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This is a very important thing you've written on. Close to normative influence, one other thing I've noticed is how the internet boxes us into groups: one group of people are feeding on a particular information and another group is feeding on another piece of information, turning them into opposing parties.

What's worse is that, those people think that the thoughts that their ideas and worldviews are premised upon is originally theirs and that it's the fact, while the opposing group is feeding off some false information or conspiracy.

So it's not only killing individuality and creativity, it's partitioning people into ideological boxes.

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At an antique store I found this old book for a low price (I'm a sucker for things like that). It's called The Family Encyclopedia, and it's from 1860. All about how to choose a cow to buy, how a steam engine works, diseases and home-based treatments, it's amazing. If anyone had an agenda writing it, wanted me to believe something, it's long long gone.

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Reading your comment made me quite happy

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May 11, 2022Liked by Gurwinder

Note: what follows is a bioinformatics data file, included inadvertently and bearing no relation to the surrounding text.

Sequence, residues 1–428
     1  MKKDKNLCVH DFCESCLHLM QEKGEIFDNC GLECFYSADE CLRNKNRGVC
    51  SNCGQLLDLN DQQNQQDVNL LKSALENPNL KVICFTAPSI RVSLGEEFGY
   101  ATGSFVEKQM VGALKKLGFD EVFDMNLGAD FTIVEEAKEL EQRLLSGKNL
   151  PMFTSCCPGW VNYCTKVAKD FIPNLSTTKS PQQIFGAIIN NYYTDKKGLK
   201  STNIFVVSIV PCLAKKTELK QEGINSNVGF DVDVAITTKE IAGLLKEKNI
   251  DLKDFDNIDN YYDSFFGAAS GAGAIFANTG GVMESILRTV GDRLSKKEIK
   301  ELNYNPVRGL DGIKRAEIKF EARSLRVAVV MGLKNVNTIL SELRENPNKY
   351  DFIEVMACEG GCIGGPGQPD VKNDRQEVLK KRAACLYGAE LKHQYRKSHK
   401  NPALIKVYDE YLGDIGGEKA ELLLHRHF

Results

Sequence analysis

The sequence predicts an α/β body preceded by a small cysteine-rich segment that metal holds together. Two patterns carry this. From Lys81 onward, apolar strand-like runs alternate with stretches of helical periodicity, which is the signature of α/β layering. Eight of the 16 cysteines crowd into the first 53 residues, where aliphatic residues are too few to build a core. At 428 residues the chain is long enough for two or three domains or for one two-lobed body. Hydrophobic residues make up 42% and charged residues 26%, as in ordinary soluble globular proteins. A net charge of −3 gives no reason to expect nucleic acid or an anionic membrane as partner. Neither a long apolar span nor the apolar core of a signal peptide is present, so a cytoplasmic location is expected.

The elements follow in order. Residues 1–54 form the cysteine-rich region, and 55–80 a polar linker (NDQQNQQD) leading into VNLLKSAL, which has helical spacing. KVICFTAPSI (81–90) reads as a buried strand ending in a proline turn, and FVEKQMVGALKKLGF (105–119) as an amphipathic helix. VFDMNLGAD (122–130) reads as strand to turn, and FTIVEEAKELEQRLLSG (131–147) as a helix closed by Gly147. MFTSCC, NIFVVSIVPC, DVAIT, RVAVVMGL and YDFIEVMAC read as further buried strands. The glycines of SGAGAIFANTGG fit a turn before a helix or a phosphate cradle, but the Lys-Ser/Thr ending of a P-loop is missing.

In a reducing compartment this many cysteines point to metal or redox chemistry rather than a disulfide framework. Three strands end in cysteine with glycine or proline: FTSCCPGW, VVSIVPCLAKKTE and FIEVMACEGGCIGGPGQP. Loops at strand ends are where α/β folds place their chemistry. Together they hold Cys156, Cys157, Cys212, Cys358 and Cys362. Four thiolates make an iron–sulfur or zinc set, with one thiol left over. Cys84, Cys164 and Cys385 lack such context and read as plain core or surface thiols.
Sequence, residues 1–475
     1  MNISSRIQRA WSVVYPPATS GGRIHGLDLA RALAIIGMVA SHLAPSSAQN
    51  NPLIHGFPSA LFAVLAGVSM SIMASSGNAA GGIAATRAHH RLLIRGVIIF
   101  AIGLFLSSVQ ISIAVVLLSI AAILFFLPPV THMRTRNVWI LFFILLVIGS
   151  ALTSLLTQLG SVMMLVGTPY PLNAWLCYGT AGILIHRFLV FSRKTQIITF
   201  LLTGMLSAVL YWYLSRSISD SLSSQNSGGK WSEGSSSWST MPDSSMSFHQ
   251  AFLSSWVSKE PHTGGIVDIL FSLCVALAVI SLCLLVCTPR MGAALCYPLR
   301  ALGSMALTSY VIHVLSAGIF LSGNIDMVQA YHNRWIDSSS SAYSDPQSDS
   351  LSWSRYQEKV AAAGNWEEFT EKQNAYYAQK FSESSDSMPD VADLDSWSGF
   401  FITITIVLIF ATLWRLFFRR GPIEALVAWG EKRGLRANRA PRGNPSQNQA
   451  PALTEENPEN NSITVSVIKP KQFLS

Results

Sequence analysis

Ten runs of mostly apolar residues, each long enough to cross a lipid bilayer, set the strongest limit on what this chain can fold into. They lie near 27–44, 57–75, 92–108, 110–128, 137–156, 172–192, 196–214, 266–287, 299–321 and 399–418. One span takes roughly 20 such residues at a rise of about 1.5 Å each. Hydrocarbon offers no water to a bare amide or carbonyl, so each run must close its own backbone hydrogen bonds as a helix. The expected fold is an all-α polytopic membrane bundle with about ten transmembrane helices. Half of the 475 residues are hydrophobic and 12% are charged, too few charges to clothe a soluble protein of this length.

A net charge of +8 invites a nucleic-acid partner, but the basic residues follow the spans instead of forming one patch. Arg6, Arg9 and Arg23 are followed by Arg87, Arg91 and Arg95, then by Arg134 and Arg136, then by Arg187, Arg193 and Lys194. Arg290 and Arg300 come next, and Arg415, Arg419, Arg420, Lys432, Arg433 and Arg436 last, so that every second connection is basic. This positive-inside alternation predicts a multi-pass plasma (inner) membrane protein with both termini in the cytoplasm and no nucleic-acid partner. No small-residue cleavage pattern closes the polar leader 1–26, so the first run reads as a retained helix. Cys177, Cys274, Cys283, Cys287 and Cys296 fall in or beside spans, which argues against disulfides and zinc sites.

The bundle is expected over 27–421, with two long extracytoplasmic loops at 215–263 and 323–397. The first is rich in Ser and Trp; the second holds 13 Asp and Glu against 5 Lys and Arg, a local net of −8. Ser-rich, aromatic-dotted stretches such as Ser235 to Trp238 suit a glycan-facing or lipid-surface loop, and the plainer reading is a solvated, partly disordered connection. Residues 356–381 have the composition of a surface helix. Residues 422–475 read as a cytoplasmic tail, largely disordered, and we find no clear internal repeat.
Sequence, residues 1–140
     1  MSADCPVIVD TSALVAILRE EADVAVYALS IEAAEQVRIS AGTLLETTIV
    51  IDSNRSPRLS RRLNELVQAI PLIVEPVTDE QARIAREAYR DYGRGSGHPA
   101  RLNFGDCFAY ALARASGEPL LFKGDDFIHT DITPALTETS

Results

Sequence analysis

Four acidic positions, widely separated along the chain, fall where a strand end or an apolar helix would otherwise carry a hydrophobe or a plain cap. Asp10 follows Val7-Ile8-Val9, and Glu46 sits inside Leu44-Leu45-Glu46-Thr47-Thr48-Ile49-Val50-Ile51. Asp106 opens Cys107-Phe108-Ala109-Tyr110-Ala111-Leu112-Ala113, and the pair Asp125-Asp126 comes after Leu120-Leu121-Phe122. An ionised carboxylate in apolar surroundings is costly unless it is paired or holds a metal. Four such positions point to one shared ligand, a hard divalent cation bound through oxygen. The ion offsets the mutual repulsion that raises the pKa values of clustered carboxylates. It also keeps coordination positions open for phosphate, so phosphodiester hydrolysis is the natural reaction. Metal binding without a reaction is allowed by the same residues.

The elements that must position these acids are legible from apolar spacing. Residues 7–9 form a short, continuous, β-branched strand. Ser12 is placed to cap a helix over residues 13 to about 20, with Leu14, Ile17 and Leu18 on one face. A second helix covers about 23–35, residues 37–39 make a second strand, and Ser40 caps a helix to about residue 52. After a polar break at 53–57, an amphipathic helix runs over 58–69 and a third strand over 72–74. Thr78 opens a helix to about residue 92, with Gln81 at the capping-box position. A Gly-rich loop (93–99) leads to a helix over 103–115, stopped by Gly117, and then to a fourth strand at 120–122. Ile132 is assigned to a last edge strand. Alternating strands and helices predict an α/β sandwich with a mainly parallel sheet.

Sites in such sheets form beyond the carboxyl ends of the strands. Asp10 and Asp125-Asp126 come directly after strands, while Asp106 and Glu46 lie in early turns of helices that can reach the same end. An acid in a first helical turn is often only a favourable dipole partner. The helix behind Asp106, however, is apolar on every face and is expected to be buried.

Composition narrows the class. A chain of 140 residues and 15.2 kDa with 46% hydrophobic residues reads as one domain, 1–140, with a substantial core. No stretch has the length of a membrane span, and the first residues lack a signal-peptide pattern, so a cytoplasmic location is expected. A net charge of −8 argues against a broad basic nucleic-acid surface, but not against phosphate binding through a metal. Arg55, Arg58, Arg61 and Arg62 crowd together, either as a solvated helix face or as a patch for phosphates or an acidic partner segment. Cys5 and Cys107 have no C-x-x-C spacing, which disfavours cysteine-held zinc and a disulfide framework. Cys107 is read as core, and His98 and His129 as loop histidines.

The Pareto principle also grants a select few newspapers and tabloids monopoly over "thoroughly researched, unbiased journalism", like NYT, WaPo, BBC, et al. Essentially, the public is primed to confer the abstract "badge of neutrality & reliability" to these outlets and often do not question their narratives so long as they do not transgress the borders that they've ironically set for themselves, in a sort of feedback loop effect. This is seen in the coverage of American foreign policy in western media. They attempt to train the public to think that their intervention in, say, Libya, was motivated by humanitarian factors. They wouldn't directly justify every single airstrike or op, but would instead communicate it through the premise that "Muammar Gaddafi is a tinpot dictator, and it would be all rainbows and puppy dogs as soon as he's removed", by focusing their rhetoric on his brutality. But "Libya" has long since fallen off the "trending" train, and now the public is far less invested in its post-Gaddafi humanitarian record, which is arguably worse.